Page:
Although it is clearly being released now to tie in with the intense hype surrounding "It: Chapter Two," the film that "Gags The Clown" real seems indebted to, to the point of flat-out name-checking its legendary title at one moment, is the 1988 cult classic "Killer Klowns from Outer Space." That earlier film proved to be a little miracle of low-budget filmmaking in the sense that the screenplay was clever enough to show that the filmmakers actually developed its admittedly singular premise instead of just coasting on the basic idea, the special effects were actually kind of impressive (especially when you consider the low budget) and the mashup of genres was handled so deftly that it contained a number of big laughs as well as some genuinely creepy moments to boot. Here, director Adam Krause (who also co-wrote the screenplay with John Pata) is clearly aiming for the same effect but just doesn’t quite pull it off. The screenplay has a couple of big flaws in that none of the individual characters or storylines are particularly interesting and Gags himself is kept off the screen for so long that unless you go into the film with a fear of clowns, he doesn't really register as a figure of fear and malevolence. Likewise, the found-footage approach utilized here doesn't really bring anything of value to the proceedings. The combination of humor and horror never quite pans out either--other than a couple of amusing stray bits, the film is not particularly funny and it is never exactly scary either (again, unless you walk into it with a profound fear of anything clown-related). Oddly enough, the film actually starts to improve in the late innings and the last 10-15 minutes are interesting and impressive enough to make you wish that the rest of the film had been as good. As a late-night cable viewing, "Gags the Clown" might have a certain minor charm--especially if you can’t get your hands on a copy of "Killer Klowns"--but anyone paying a full ticket price to see it is going to come away from it feeling very foolish.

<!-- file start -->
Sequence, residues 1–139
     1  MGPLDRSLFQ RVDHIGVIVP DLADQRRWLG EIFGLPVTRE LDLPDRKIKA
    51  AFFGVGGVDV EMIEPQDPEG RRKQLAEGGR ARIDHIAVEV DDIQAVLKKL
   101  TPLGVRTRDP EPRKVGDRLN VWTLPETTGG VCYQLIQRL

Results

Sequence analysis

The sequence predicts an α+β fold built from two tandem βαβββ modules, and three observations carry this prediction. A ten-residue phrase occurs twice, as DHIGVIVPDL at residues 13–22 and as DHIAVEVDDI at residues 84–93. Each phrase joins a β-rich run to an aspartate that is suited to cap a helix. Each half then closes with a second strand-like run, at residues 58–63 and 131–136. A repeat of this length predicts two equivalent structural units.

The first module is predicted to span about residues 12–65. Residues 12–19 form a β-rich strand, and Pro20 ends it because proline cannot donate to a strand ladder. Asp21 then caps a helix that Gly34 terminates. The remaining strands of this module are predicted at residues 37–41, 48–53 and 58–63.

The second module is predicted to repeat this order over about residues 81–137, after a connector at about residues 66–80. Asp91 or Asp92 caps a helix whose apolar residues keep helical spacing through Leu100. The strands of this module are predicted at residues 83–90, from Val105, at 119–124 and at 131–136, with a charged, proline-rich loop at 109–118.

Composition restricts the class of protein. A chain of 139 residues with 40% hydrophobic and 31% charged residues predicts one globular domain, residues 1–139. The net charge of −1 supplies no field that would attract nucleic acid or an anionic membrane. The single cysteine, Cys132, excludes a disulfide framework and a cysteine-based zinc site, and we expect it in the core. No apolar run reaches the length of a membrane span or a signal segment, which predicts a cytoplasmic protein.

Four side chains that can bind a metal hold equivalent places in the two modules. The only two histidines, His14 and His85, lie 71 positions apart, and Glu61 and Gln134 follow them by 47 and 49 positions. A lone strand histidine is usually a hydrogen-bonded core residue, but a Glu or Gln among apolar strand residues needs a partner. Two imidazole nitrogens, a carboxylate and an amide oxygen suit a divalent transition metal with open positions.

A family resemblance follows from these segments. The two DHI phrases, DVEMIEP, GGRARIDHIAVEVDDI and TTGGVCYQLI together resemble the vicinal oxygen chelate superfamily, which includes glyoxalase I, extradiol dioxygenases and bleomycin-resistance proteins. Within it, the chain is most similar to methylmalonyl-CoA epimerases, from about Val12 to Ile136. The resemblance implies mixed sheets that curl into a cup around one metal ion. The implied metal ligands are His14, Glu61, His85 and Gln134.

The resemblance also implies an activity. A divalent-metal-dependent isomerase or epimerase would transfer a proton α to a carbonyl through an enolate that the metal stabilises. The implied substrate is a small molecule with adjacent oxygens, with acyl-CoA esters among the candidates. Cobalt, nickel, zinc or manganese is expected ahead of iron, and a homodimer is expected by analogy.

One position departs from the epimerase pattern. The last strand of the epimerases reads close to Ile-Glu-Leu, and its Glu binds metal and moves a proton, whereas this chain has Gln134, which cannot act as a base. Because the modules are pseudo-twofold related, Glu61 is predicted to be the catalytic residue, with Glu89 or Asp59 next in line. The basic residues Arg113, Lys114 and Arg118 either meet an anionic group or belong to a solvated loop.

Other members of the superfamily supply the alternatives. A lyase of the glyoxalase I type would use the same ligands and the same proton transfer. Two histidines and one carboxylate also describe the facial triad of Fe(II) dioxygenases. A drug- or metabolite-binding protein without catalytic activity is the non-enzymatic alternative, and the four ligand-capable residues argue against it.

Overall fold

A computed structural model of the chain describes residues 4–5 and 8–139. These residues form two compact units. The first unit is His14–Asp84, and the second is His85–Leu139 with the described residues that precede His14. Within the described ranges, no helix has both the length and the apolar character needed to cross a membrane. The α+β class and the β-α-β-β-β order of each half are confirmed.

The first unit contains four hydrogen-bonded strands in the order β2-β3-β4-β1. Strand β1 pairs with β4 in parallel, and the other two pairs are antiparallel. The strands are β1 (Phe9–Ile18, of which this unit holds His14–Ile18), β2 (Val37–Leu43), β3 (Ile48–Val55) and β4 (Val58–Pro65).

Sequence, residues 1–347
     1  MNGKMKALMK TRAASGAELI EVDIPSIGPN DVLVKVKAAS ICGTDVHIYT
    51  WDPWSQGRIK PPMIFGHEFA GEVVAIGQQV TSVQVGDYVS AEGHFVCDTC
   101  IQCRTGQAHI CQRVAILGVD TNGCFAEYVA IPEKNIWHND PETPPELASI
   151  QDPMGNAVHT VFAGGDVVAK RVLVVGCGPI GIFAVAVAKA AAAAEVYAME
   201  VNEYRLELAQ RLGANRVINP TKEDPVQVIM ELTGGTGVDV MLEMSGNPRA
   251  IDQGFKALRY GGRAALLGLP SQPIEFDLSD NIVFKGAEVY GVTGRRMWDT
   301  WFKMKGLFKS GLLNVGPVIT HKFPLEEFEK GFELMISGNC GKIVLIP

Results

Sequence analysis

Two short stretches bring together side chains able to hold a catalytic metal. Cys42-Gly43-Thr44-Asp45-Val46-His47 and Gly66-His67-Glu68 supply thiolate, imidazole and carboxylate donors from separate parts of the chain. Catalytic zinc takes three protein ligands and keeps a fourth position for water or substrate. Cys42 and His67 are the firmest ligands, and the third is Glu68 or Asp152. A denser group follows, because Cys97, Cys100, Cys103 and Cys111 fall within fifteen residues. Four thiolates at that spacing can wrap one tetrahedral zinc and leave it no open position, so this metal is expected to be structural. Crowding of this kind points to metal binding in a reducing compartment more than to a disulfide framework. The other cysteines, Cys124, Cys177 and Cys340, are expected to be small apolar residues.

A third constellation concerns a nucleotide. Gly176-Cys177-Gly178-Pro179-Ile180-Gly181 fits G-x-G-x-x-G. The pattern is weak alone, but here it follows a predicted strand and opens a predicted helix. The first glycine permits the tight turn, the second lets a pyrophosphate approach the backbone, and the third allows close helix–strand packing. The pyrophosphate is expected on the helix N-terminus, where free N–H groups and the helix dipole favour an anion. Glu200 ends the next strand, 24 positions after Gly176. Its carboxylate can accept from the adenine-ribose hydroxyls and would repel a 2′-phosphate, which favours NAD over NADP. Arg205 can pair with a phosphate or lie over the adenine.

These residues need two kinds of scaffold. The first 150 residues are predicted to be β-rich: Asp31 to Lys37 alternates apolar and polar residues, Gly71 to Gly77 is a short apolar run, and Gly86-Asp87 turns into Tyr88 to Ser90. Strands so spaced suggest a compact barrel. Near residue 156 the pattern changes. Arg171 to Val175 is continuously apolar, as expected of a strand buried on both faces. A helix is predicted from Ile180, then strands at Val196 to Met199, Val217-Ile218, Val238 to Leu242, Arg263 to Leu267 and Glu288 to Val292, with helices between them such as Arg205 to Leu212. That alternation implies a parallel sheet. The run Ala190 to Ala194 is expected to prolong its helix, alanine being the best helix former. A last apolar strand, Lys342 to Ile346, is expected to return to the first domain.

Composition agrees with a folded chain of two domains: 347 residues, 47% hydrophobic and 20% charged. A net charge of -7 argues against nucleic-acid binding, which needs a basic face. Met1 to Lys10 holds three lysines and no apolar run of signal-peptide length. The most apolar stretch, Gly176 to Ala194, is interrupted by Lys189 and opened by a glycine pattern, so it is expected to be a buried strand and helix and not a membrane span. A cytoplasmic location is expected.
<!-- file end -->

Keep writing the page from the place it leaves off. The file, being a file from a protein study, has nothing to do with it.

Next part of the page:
When rising star Anton Yelchin died in 2016 at the age of 27, the victim of a freak accident that left him pinned between his car and a gate, it seemed especially tragic because there was the sense that, because of his youth, that he had been taken too soon and had not been allowed to accomplish everything that he was capable of doing. That may be true but as the new documentary "Love, Antosha" reveals, he still managed to pack an amazing amount of life and impressed people around the world with his talents during that time. As the film reveals through a mixture of home video footage, film clips and talking head interview with friends, family and co-stars, Yelchin, the son of ice-skater parents who emigrated to the U.S. from Russia just before the fall of the Berlin Wall, he was a cheerful and precocious kid who caught the acting bug early and let nothing--not even the diagnosis of cystic fibrosis, a disease that leaves its victims with an average life span of about 30 years--get in his way. While keeping his illness to himself, he proceeded to embark on an acting career that saw him holding his own with top actors even as a child and impressing his co-workers not just with his dedication to his craft but with his all-encompassing attitude towards life. Watching those co-workers, including Jennifer Lawrence, Chris Pine and Kristen Stewart, you can tell that they are not merely reciting platitudes about someone they once worked with for a few week for a camera crew--they were genuinely touched by their experiences with him and still feel the loss of his passing. (Stewart’s recollections are especially moving.) If you were a fan of Yelchin's, "Love, Antosha" is obviously a must-see, but even if you aren't familiar with him beyond his appearances as Chekov in the recent "Star Trek" movies, it will serve as a valuable reminder of his immense talents, both as an actor and as a person.